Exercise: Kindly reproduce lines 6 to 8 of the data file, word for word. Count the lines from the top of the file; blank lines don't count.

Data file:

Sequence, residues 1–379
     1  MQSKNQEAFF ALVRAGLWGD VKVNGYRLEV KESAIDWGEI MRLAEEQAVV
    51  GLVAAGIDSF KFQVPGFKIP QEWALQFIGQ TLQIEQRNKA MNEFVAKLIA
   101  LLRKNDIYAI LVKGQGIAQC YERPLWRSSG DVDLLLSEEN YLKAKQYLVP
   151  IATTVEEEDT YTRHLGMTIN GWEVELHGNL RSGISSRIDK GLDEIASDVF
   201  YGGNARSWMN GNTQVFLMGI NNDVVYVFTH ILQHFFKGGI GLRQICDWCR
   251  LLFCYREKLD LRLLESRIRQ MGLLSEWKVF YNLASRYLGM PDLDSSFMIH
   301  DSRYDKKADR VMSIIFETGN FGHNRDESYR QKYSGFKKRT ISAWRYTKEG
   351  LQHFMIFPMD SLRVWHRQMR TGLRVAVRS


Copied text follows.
   201  YGGNARSWMN GNTQVFLMGI NNDVVYVFTH ILQHFFKGGI GLRQICDWCR
   251  LLFCYREKLD LRLLESRIRQ MGLLSEWKVF YNLASRYLGM PDLDSSFMIH
   301  DSRYDKKADR VMSIIFETGN FGHNRDESYR QKYSGFKKRT ISAWRYTKEG